Hike: Ferris Fork and Dunanda Falls

Yellowstone is home to a few natural spas the mix with creeks, making them worthy of a post-hike dip. Your best option? Ferris Fork and Dunanda Falls.
Author:
Updated:
Original:
Dunanda Falls in Yellowstone

Dunanda Falls in Yellowstone

While soaking in Old Faithful’s 244°F waters would spell a certain death, Yellowstone—which sits above a 300-mile-wide ocean of magma—is home to a few natural spas the mix with creeks, making them worthy of a post-hike dip. Your best option? Ferris Fork and Dunanda Falls.

Located in the southeast corner of the park, Ferris Fork and Dunanda Falls requires a 15-mile approach from the Bechler trailhead. You’ll follow the Bechler through dense stands of lodgepole pine that give way to the sheer walls of Bechler Canyon. Look out for Ragged Falls, named for its spaghetti-like 5-foot cascade, and Twister Falls, which coils 55 feet downward from its flume. Detour through Bechler Meadows to 150-foot Dunanda Falls, which spills into a basin, creating several soakable pools (averaging 110°F). Find a designated campsite back of the banks.

Thirsty for more? Back on the main trail, continue 6 miles northeast to Three Rivers Junction (where the Phillips, Gregg, and Ferris Forks converge). Follow the worn user trail to a steaming pool hidden along the bank of the river. After simmering, continue upstream to cool off below Gwinna and Sluiceway Falls. (Option: Camp below 260-foot Albright Falls).

Do it Find the trailhead at the end of unpaved Cave Falls Rd., 26 miles outside Ashton, ID.

Season Year-round

Permits Reserve campsites at the Yellowstone Backcountry Office (307-344-2160) or go on a guided trip.

Related

Black Canyon of Yellowstone River off Rescue Creek Trail

Blacktail Creek Trail Hike in Yellowstone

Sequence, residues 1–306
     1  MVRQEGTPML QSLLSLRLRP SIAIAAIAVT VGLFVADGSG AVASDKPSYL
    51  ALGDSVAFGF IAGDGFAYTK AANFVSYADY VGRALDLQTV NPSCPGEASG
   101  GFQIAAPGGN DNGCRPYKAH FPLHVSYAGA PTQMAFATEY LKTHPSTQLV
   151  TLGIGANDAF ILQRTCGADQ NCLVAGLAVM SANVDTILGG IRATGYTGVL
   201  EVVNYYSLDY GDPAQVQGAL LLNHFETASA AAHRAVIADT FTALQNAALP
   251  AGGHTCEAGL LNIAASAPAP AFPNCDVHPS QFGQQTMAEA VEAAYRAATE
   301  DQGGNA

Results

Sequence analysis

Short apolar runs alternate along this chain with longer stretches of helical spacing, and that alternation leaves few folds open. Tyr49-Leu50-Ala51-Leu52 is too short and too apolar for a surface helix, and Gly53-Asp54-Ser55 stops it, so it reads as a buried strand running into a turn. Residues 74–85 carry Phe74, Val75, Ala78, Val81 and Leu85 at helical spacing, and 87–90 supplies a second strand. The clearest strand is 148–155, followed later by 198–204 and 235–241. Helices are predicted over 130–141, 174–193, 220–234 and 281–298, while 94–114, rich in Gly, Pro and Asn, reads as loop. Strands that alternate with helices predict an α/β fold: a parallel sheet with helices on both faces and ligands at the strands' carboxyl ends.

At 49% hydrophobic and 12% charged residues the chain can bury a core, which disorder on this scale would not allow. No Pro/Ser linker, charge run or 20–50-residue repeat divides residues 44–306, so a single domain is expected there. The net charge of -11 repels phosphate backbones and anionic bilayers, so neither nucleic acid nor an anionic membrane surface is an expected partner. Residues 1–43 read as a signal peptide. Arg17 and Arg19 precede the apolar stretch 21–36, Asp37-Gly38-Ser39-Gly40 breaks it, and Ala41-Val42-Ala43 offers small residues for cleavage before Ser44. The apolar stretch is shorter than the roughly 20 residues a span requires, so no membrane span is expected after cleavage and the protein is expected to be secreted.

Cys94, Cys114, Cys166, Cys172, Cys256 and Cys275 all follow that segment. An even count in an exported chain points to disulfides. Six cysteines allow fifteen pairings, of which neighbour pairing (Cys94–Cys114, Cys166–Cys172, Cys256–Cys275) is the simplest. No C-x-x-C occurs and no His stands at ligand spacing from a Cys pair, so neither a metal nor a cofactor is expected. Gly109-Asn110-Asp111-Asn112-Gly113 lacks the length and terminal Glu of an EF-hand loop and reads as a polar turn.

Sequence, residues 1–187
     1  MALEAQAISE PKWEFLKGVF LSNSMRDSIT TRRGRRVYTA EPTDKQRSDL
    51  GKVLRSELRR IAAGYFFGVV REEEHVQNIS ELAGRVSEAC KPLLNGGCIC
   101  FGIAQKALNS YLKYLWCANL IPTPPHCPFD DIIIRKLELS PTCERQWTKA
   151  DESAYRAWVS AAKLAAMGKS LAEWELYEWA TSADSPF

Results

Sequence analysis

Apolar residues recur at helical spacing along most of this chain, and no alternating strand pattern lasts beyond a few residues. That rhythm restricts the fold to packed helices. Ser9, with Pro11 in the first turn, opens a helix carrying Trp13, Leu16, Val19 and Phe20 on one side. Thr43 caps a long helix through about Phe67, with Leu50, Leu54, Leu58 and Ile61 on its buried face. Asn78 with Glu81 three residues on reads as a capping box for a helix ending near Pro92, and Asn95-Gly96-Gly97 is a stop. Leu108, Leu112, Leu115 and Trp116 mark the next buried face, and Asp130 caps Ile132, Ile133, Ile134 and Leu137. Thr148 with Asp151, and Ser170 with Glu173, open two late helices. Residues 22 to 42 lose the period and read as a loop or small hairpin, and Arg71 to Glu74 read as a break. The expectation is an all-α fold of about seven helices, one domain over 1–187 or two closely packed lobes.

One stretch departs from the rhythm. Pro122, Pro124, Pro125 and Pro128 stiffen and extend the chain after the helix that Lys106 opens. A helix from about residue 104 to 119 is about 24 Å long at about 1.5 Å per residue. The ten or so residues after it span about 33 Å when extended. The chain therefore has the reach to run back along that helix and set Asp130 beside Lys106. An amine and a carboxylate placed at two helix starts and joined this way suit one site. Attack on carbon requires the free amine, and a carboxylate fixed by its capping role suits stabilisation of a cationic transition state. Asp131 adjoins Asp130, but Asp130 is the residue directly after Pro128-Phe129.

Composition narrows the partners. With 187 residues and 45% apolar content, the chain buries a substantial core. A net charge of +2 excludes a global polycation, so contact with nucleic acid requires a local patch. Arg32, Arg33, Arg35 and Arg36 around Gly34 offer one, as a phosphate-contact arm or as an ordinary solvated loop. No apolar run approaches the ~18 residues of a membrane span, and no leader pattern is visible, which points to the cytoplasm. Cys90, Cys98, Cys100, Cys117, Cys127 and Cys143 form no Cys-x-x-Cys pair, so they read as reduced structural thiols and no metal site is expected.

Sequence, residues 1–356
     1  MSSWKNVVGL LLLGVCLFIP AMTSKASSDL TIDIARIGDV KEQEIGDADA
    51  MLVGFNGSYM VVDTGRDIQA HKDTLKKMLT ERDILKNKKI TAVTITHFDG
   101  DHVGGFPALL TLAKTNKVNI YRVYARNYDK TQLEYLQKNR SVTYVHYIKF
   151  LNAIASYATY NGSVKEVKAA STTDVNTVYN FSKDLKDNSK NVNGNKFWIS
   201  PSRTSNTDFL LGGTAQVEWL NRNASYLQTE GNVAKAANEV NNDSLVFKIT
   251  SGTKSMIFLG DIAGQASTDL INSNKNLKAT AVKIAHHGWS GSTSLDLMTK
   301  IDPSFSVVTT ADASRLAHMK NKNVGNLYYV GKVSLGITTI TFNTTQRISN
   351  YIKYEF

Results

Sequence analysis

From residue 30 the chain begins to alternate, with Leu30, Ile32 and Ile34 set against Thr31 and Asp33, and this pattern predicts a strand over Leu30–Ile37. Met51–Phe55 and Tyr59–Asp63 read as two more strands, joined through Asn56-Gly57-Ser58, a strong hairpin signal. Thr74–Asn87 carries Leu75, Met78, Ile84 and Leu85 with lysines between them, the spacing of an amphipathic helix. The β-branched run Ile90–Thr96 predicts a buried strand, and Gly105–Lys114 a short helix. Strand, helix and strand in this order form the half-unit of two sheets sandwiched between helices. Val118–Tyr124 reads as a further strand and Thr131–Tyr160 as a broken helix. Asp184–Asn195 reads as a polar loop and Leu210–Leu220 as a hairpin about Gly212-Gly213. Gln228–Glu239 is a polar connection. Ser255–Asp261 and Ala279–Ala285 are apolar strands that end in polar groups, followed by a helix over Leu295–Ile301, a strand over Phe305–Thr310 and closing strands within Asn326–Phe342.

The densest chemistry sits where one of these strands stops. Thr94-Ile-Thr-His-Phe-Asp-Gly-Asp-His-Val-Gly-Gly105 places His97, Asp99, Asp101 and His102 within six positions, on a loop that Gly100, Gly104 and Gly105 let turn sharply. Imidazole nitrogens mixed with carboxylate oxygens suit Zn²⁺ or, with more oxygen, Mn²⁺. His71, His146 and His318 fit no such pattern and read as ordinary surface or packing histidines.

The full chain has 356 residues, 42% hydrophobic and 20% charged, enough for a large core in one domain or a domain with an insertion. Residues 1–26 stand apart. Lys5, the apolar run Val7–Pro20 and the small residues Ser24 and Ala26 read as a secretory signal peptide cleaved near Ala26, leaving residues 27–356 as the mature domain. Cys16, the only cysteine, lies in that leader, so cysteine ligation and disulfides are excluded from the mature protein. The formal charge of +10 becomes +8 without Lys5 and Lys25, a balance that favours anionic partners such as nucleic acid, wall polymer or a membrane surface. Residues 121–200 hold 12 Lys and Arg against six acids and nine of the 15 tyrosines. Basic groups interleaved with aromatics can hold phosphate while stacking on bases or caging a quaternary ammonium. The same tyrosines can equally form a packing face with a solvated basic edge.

Start near Mammoth Hot Springs in Yellowstone and end in Gardiner, Mont. Excerpted from Tom Carter's Day Hiking Yellowstone Park

Bunsen Peak from Mammoth winter

Bunsen Peak Hike

This hike provides an excellent opportunity to view the effects of the 1988 fires. Also, Bunsen Peak affords a commanding view of the Mammoth area, as well as the Gallatin and Washburn Mountains.

Fairy Falls. Photo by C. Sagan

Fairy Falls Trail to Imperial Geyser in Yellowstone

See an incredible waterfall and two geysers along this hike starting near the Grand Prismatic Hot Spring off the Grand Loop Road.

Bunsen Peak Trail in Yellowstone

Hike Yellowstone National Park's Bunsen Peak Trail

See evidence of Yellowstone's 1988 fires on a hike that starts and ends just south of Rustic Falls near Mammoth. Excerpted from Tom Carter's Day Hiking Yellowstone Park.

Ascending the stairs on Uncle Tom's Trail in Yellowstone

Uncle Tom's Trail Hike to Lower Falls in Yellowstone

This steep but wonderful trail takes you from the top of Yellowstone's Grand Canyon to the base of the 308-foot-high Lower Falls. It's strenuous going down 500 feet, but less so than in 1905 when Uncle Tom lowered you by rope.

A hiker headed up Avalanche Peak Trail in Yellowstone

Which Yellowstone Trail Should I Hike?

Do you want to see lakes, waterfalls, thermal features, or peaks? Find your perfect day hike with our personalized guide.

Petrified trees

Hike Yellowstone National Park's Fossil Forest

See what the climate was like in Yellowstone Country 50 million years ago and view the fascinating petrified trees in Yellowstone's world-class fossil forests.

yellowstone-hiker-on-trail

Hike to the Middle of Nowhere in Yellowstone

There are moments where Yellowstone can feel positively crowded.

Yellowstone-caldera

Yellowstone Volcano Caldera Rises, Falls and Rises Again

Deep beneath Yellowstone, forces of heat and pressure cause the surface to rise and fall much like the breathing of a gigantic, slumbering beast.